I cannot emphasize enough the importance of new member orientation. It doesn’t matter what group it is – club, work, church – it is very important to make sure new members know what a group is all about so they feel welcomed and can participate easily in discussion and group activity.
One of the sections we sometimes talk about in training is simply called Group Process. It talks about the needs of groups to take care of their business and the work of their everyday jobs but it also talks about the social needs and how important they are. The social needs refer to individuals feeling like they belong to the group and are comfortable. Sometimes, people refer to these as the “warm fuzzies” and prefer to ignore them or think less of these needs or mock them. DO NOT DO THAT!
If you are to have a successful group process, any committee including labor-management, it is vitally important to bring new members up to speed as quickly as possible.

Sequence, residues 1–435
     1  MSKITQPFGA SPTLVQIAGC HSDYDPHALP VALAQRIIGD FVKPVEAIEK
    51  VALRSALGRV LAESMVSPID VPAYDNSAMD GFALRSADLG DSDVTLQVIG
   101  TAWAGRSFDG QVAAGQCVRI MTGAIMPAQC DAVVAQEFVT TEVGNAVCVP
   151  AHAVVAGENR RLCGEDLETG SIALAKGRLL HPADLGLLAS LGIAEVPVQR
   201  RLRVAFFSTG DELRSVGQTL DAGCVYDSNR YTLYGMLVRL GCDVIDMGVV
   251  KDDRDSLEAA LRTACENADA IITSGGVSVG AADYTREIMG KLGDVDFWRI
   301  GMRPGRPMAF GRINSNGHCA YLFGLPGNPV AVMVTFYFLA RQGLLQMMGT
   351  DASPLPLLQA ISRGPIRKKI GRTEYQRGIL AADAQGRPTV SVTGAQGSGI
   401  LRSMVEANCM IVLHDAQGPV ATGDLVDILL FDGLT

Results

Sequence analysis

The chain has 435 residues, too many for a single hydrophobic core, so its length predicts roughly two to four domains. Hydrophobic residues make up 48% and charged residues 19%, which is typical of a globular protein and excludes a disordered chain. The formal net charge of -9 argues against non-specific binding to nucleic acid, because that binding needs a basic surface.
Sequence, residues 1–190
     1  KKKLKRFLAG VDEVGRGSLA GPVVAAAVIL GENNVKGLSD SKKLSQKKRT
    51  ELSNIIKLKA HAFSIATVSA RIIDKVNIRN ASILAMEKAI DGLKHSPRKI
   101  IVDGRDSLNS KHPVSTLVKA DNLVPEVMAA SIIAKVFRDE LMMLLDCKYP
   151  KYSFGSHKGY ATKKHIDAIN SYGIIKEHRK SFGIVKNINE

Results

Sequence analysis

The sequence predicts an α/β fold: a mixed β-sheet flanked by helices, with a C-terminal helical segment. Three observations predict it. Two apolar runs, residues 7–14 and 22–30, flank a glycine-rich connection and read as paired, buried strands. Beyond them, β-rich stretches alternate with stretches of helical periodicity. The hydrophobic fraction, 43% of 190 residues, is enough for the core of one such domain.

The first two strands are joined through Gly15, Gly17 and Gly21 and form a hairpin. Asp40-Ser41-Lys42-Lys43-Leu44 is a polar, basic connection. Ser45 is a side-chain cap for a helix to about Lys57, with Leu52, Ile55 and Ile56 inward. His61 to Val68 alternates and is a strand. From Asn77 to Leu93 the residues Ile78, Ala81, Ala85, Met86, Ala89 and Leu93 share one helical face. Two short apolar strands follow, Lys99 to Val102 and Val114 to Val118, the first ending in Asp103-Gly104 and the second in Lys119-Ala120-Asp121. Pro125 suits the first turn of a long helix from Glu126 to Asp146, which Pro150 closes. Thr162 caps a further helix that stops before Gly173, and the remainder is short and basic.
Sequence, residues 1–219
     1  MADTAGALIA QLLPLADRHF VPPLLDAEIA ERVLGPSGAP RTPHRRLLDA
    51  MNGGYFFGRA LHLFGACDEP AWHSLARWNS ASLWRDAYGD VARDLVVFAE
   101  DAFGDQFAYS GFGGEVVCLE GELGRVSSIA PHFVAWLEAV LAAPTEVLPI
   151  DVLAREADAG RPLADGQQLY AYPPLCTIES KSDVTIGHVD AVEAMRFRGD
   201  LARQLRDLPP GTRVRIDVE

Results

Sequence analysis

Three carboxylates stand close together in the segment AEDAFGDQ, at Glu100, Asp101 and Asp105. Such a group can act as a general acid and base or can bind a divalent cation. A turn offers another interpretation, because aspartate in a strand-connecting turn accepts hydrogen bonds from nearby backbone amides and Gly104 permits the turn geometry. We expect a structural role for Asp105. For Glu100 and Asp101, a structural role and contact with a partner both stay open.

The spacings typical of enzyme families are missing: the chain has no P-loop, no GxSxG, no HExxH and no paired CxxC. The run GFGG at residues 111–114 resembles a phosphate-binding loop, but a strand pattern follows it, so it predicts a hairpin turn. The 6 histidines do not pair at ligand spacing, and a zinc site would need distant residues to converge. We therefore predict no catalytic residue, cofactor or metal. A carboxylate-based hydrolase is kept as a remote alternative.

It would be good for a couple of members who have been on the committee to sit down with a new member and review why the committee was started, what it’s purpose or mission is, what work the committee does, provide some minutes so the new member knows some committee history or knows about recent meetings, and a list of committee members and their contact information is good, too. There could be other things but that provides a start.
I will never forget one meeting a group had with their first new member in sometime. This group had gone through labor-management committee training and they had become an excellent committee in labor-management cooperation. The new member was still in the adversarial position of labor-management relations and could not connect with the rest of the group. Every time he spoke in their meeting, he talked in traditional labor-management language which caused every member to get very quiet and just look at him for a very long time. Needless to say, that new member did not last because he had not been told what the committee was all about. The committee lost a good member with great ideas and he probably did not support the committee. It wasn’t much longer the committee decided orientation for new members was needed.
Not many committees do orientations but if you want to have a great committee, make sure you sit down with new members before they start and talk to them about the committee and its work.